For example, Heuvingh noted that some players who were average at the U16 level eventually developed into first team players at the club because they were constantly looking to improve, while some with more talent faded and never made it because they said their talent was “God-given.”
“One of my initial thoughts was that there was a heavy American influence in their approach,” said Turlock Tornadoes Director of Coaching and Cal State Stanislaus Head Coach Gabe Bolton. “They were using concepts from Carol Dweck. You have them using the Golden Circle, which is from Simon Sinek, an American performance coach. It was interesting how they were incorporating concepts from other cultures into their approach for their personal development.”
“It was interesting to see how they’re integrating those aspects in their overall plan to develop players,” Bolton added. Having (Heuvingh), and they only have one of him, how can he maximize his impact on 150 players using these concepts, that was for me, the most valuable part that we can learn because we’re all coming from clubs that are under-resourced.”
The need for a “growth mindset” was an idea shared by U15 coach Robert Franssen, who pointed to Freddy Adu as an example of why the most talented player doesn’t always pan out.
Franssen was asked when the right time to move a player up age groups was and responded that they liked to be very cautious when doing so.
“If a player is better than his peers and moves up too fast and other players make up ground on him, the player cannot accept that he is not as good anymore,” Franssen said. “If that happens, it’s pretty much over.”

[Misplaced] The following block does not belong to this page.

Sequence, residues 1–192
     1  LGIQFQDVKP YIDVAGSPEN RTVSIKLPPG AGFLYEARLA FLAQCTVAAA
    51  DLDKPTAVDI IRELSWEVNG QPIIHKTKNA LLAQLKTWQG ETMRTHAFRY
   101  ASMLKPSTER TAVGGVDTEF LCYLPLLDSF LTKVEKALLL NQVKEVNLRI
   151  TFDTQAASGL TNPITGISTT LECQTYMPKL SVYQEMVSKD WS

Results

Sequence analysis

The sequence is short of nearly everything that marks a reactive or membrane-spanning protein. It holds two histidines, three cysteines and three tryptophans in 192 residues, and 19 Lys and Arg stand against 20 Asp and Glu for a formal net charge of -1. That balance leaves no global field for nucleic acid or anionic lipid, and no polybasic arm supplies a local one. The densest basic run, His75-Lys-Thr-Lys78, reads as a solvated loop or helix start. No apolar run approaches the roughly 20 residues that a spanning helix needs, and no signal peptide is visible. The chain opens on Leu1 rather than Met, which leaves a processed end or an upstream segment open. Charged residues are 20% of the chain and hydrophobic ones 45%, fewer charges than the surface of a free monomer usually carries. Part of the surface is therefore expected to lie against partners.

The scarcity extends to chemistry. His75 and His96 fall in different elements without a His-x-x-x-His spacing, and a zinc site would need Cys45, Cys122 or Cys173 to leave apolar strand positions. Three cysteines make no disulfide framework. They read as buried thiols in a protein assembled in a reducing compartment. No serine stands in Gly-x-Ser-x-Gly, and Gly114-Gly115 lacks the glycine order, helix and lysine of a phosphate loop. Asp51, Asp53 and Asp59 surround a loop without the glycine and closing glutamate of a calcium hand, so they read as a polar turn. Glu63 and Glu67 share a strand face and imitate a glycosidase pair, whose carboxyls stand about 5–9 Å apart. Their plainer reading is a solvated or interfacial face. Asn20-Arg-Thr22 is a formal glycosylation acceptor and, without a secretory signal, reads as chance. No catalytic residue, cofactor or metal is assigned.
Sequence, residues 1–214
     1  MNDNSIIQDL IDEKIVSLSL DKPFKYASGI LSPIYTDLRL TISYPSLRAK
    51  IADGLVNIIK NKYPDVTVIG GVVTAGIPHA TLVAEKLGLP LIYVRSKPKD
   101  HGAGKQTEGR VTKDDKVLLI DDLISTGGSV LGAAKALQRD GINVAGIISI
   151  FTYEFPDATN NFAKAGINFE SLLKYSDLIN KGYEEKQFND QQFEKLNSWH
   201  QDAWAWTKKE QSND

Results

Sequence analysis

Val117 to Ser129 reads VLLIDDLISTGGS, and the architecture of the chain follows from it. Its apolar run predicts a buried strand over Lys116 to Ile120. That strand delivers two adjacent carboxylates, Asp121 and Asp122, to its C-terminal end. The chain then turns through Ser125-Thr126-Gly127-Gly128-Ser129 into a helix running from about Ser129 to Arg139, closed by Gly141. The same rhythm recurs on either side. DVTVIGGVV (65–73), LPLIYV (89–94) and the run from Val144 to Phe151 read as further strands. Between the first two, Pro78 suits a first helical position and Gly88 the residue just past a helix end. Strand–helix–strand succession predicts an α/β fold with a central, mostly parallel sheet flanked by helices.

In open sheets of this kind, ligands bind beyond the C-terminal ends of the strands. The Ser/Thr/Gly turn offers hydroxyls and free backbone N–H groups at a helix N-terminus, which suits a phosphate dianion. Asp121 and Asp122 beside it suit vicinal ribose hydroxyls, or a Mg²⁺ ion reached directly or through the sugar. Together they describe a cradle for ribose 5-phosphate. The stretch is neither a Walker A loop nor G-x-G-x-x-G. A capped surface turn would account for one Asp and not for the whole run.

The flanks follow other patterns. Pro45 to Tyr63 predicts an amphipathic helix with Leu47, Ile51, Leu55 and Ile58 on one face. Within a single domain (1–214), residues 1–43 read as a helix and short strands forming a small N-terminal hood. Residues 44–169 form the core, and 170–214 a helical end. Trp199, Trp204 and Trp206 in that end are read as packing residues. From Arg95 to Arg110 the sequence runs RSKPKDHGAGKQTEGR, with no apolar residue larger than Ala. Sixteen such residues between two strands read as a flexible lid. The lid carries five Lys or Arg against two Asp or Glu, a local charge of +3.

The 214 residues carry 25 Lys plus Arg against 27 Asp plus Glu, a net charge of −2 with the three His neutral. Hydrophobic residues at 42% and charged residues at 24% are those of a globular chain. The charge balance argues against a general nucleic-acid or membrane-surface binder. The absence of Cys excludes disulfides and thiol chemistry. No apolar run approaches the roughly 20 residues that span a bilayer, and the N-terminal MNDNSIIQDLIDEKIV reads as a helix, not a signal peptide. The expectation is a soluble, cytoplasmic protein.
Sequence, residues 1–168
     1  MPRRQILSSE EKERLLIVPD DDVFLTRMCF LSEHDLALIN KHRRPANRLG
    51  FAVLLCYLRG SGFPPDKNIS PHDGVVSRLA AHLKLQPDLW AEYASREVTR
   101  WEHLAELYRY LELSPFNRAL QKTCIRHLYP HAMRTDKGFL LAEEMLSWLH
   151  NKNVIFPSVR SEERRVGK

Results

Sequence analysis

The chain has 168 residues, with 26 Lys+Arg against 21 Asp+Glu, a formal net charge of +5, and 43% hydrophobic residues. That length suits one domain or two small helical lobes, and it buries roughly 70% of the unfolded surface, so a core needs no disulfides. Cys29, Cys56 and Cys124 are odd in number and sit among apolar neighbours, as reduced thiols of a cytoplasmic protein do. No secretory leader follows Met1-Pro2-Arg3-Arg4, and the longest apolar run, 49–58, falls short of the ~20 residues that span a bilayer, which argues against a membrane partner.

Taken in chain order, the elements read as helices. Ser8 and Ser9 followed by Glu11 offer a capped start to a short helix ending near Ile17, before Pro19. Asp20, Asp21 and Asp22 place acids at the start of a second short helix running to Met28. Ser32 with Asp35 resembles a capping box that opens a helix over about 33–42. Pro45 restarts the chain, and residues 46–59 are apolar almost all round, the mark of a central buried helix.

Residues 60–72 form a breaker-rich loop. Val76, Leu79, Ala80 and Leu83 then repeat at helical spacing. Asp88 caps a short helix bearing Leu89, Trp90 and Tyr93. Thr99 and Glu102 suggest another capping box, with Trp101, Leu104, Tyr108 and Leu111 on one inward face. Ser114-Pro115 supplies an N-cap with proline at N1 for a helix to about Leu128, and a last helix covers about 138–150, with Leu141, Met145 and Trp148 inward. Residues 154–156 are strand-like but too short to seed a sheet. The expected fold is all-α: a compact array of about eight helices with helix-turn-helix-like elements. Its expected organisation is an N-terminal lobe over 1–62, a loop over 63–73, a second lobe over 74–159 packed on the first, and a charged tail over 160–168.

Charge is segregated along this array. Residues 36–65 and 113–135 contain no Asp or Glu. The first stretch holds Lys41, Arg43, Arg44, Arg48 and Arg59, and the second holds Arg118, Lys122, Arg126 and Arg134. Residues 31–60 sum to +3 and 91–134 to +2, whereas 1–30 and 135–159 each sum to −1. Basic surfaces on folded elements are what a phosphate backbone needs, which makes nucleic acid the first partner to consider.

At a club where 53 percent of the first team minutes come from homegrown players (a top-15 rate in the world), Franssen spends most of his time looking to get the most out of those players who are average now, but may turn into €10 million players later in their careers.
But that focus turns to winning on Saturdays, as the U15 squad AZ believes that learning to win is a skill and whatever squad is playing at that time — even if it doesn’t include the best players — should attempt to come out with a victory.
“On Saturday I want to win, period. At the end of the match, AZ has to win,” Franssen said. “Sometimes we think a bit about developing and a bit about winning, but the guys over here also have to learn that it’s about winning.”
After the session wrapped up at AZ, the contingent headed to the bus to drive across the country back to the site of yesterday’s lessons: Arnhem.
The previous day, Vitesse Arnhem had given the Directors of Coaching a tactical preview of their Europa League contest against French side Nice with the expectation that each DOC would form a small group in order to analyze the game from a specific perspective.
On the docket for Thursday’s game was putting together a report on how Nice defended Vitesse in each of the four phases of the game as well as in transition, with the final product coming in a presentation designed to simulate as if our DOC’s were scouting Vitesse as their next opponents, with Dutch coaching legend Frans Hoek then providing feedback.
“I thought it was a great idea for us to get a little bit more insight into how to analyze a game because that’s something we don’t really do for the youth clubs,” said San Ramon FC’s Mani Salimpour. “I think it’s a great idea for the top clubs at our team to be able to send a team to record the opposition and be able to prepare for games in that way.”
“It opens our eyes on what to look for and having Frans give us the insight on how they look at it in their professional eyes, I think it would be able to help us help our players in their environment,” he added. “I think the trip has been amazing so far because we’ve had much more collaboration between the coaches who are here and the groups that have been formed. It’s going to help much more with what the objective of this coaching education trip is.”